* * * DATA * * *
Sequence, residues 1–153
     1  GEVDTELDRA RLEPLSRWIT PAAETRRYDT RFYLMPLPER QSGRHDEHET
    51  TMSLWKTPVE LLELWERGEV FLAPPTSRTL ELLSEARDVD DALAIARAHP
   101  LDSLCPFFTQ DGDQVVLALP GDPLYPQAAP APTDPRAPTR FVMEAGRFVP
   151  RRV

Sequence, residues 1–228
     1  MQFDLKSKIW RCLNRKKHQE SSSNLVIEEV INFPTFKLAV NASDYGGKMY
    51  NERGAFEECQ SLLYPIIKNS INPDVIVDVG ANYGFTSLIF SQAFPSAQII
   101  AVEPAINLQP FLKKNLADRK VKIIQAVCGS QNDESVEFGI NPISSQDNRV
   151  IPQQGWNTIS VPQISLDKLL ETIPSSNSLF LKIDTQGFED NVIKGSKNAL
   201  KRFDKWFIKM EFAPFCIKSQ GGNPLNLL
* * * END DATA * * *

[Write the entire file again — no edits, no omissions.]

Sequence, residues 1–153
     1  GEVDTELDRA RLEPLSRWIT PAAETRRYDT RFYLMPLPER QSGRHDEHET
    51  TMSLWKTPVE LLELWERGEV FLAPPTSRTL ELLSEARDVD DALAIARAHP
   101  LDSLCPFFTQ DGDQVVLALP GDPLYPQAAP APTDPRAPTR FVMEAGRFVP
   151  RRV

Sequence, residues 1–228
     1  MQFDLKSKIW RCLNRKKHQE SSSNLVIEEV INFPTFKLAV NASDYGGKMY
    51  NERGAFEECQ SLLYPIIKNS INPDVIVDVG ANYGFTSLIF SQAFPSAQII
   101  AVEPAINLQP FLKKNLADRK VKIIQAVCGS QNDESVEFGI NPISSQDNRV
   151  IPQQGWNTIS VPQISLDKLL ETIPSSNSLF LKIDTQGFED NVIKGSKNAL
   201  KRFDKWFIKM EFAPFCIKSQ GGNPLNLL